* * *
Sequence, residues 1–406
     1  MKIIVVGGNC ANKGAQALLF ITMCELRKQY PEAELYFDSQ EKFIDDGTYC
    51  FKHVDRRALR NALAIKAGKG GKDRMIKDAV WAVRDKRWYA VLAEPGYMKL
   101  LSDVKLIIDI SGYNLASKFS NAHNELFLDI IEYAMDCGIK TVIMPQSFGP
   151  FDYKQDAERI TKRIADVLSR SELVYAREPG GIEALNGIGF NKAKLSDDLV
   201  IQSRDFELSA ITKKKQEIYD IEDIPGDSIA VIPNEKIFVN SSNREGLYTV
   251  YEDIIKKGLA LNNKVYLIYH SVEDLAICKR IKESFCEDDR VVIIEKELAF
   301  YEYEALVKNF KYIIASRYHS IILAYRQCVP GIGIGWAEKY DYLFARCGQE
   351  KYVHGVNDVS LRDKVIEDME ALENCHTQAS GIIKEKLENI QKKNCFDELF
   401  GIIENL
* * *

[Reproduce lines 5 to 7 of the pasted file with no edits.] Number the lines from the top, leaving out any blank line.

   151  FDYKQDAERI TKRIADVLSR SELVYAREPG GIEALNGIGF NKAKLSDDLV
   201  IQSRDFELSA ITKKKQEIYD IEDIPGDSIA VIPNEKIFVN SSNREGLYTV
   251  YEDIIKKGLA LNNKVYLIYH SVEDLAICKR IKESFCEDDR VVIIEKELAF